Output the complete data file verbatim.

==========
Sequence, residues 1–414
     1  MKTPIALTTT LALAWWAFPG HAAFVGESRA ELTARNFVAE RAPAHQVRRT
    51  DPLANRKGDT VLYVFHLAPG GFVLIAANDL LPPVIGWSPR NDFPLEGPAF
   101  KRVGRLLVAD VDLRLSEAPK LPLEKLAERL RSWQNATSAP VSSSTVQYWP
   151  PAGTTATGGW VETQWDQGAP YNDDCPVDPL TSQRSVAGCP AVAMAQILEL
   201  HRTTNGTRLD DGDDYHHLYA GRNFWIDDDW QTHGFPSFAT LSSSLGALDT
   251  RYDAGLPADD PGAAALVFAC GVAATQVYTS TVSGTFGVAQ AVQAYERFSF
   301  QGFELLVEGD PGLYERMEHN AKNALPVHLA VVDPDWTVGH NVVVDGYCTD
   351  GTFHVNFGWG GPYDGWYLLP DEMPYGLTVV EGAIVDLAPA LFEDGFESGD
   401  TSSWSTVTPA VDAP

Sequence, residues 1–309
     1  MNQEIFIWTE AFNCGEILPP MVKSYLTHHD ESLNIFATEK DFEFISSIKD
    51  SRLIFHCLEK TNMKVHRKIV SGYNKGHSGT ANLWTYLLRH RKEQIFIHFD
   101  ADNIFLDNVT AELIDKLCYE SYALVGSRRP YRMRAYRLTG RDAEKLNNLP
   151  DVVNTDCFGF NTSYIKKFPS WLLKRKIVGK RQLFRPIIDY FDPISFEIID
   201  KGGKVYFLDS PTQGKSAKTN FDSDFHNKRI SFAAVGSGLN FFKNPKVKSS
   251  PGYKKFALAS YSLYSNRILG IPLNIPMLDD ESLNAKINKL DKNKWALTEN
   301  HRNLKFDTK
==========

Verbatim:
Sequence, residues 1–414
     1  MKTPIALTTT LALAWWAFPG HAAFVGESRA ELTARNFVAE RAPAHQVRRT
    51  DPLANRKGDT VLYVFHLAPG GFVLIAANDL LPPVIGWSPR NDFPLEGPAF
   101  KRVGRLLVAD VDLRLSEAPK LPLEKLAERL RSWQNATSAP VSSSTVQYWP
   151  PAGTTATGGW VETQWDQGAP YNDDCPVDPL TSQRSVAGCP AVAMAQILEL
   201  HRTTNGTRLD DGDDYHHLYA GRNFWIDDDW QTHGFPSFAT LSSSLGALDT
   251  RYDAGLPADD PGAAALVFAC GVAATQVYTS TVSGTFGVAQ AVQAYERFSF
   301  QGFELLVEGD PGLYERMEHN AKNALPVHLA VVDPDWTVGH NVVVDGYCTD
   351  GTFHVNFGWG GPYDGWYLLP DEMPYGLTVV EGAIVDLAPA LFEDGFESGD
   401  TSSWSTVTPA VDAP

Sequence, residues 1–309
     1  MNQEIFIWTE AFNCGEILPP MVKSYLTHHD ESLNIFATEK DFEFISSIKD
    51  SRLIFHCLEK TNMKVHRKIV SGYNKGHSGT ANLWTYLLRH RKEQIFIHFD
   101  ADNIFLDNVT AELIDKLCYE SYALVGSRRP YRMRAYRLTG RDAEKLNNLP
   151  DVVNTDCFGF NTSYIKKFPS WLLKRKIVGK RQLFRPIIDY FDPISFEIID
   201  KGGKVYFLDS PTQGKSAKTN FDSDFHNKRI SFAAVGSGLN FFKNPKVKSS
   251  PGYKKFALAS YSLYSNRILG IPLNIPMLDD ESLNAKINKL DKNKWALTEN
   301  HRNLKFDTK